Wednesday, January 2, 2013

Looking back, looking forward

Well here it is 2013. We didn't blow ourselves up (of course 2013 is still young, so there's always that possibility). But at least the Mayan Calendar Doomsayers will finally have to shut up. Unless they start claiming there was some catastrophic miscalculation (Like NASA's dropping a decimal point and blitzing a Mars landing project???).

As far as publishing goes, the big six (or is it five - four?) are still trying to hold onto their pants despite an insane run-in with the DoJ. (Summary: the Department of Justice had the silly audacity to pursue a lawsuit that essentially pats Amazon on the head with open approval for undercutting publisher suggested retail pricing and whups Apple for trying to set retail pricing per publisher standards.) While we don't believe in price gouging, we do believe that the government taking sides in an open market and helping an already overly powerful retailer (read that as mega-retailer Amazon) is just wrong. Amazon has an unabashed history of using questionable means to control publishers and pricing strictly to stage its own rise to power in ebook publishing as well as retail online selling. For the DoJ to openly approve of this and assist Amazon by interfering in the retail market is wrong in so many ways, it would take another whole blog post to go into. The DoJ simply has no business stepping in unless it is a clear violation of anti-trust laws. Gas stations price-fix every day, yet there's no DoJ presence to stop that. (OK, you try to explain the sudden jump in gas prices before every holiday, or whenever there's some 'incident' half way around the world. How does that affect the price of gas already in the station's storage tanks????)

For Penumbra Publishing, the year 2012 was a mixed bag. We got to publish a lot of great new authors, but like many publishers, we saw fewer overall sales than in 2011. It is sad to think 2011 was the 'boom' year for publishing. There is no reason to think that with a flood of new self-published books, sales for anyone will improve dramatically. The current 'twenties' generation is thoroughly entrenched in technological dependence. Minute-by-minute start-stop activities like texting, web surfing, and playing silly games to pass the time are easier than sitting down and concentrating to read a book. (What? You don't play 'Angry Birds'? What's wrong with you?) Children as young as three are being handed iPads by their parents as toys - pacifiers - so the behavioral trend becomes ingrained even earlier. Children are becoming amazingly computer-literate at very young ages, but this is not necessarily a good thing. These same children may depend on the calculator function of an electronic device to figure simple math without understanding how to do it 'by hand' or 'in their head.' And why is this bad? Electricity. Electricity has made it possible for us to change our environment, add comfort and ease to our lives, and perform a lot of tasks that might otherwise be more difficult. Electricity is a wonderful utility that we take for granted, but it is not immune to disruption. And total dependency on it creates a potentially bad situation. If we found ourselves suddenly without electricity for a long period of time, would we have a clue how to survive? Electricity has softened us and given us a false sense of superiority and security.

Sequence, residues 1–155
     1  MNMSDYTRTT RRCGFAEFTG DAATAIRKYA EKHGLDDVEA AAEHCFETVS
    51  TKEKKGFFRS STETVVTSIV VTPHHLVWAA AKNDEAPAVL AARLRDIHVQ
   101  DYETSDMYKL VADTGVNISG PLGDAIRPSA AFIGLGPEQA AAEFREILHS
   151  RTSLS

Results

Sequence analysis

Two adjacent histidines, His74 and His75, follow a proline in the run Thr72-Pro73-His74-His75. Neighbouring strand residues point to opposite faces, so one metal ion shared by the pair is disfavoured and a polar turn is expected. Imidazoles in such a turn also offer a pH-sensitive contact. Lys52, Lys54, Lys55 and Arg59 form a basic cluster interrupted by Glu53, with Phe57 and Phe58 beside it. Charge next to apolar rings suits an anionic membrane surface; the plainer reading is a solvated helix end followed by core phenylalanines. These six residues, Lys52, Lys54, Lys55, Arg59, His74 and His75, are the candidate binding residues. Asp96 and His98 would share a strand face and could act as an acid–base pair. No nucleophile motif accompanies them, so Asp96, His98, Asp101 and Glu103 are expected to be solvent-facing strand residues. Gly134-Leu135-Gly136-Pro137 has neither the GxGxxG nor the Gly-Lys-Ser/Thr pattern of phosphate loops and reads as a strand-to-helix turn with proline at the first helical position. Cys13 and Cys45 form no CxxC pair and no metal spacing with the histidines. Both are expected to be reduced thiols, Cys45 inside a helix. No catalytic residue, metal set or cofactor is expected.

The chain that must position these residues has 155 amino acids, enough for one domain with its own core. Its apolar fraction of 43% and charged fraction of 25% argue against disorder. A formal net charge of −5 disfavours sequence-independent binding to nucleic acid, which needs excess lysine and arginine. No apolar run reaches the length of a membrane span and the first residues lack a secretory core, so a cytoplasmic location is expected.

The future is always uncertain until it becomes the present, and speculations about what might happen can prove to be wildly wrong, but looking back at the past, it's fairly easy to see what has happened. (Not necessarily easy to explain why it happened, but oh well.) Instead of looking back and lamenting 'those were the good old days,' we're going to look ahead and brave a fearless smile with the determination to make the best of whatever the future holds for us. We hope you'll do the same. HAPPY NEW YEAR!

And here's author/blogger Charles O'Keefe's take on 2012...


  1. Hi Pat and everyone :)

    Yes there were some terrible things happen in 2012 but I think it's always best to look forward (while of course trying to learn from mistakes in the past). I'm not as up on the topic as you but certainly I agree the DoJ is being terribly bias and certainly giving Amazon an unfair advantage over other publishers/distributors.

    Like a lot of really huge companies/organization (like NRA or the Tobacco companies) it is unfortunate that they have made friends in high places which allows them to get away with/do many things that would otherwise be illegal or at least frowned on. Sadly I don't think anything will change with Amazon (or the other companies) until there has been enough media pressure/public outcry to warrant it. We're starting to see that with the first two, but certainly not with Amazon.

    Amazon is doing what most big companies want to do, crush the competition anyway they can. This isn't right but it is one of the things that can happen in a world where money is the key to power.

    Well enough doom and gloom, I wanted to thank Pat for a special mention I received on the website (I only just found it today) and I wanted to wish everyone a Happy New Year =) I hope everyone has a great fresh start and maybe keeps a couple of resolutions (if you're into that). Have a great weekend everyone, oh and if you haven't seen "The Hobbit" you should! What a great movie! :-)

  2. Oh and gas pricing is a total joke, the oil companies do whatever they want and governments goes along with it. It's one of the reasons I'm getting an electric car, hopefully by 2014 or sooner =)

  3. When the Zombie Apocalypse hits in late 2013, you will all lose your electricity, and be left with nothing but Kindles to entertain yourselves. Of course Amazon will be wrongfully blamed. It's all Barnes and Noble's fault. Those Nooks are everywhere.


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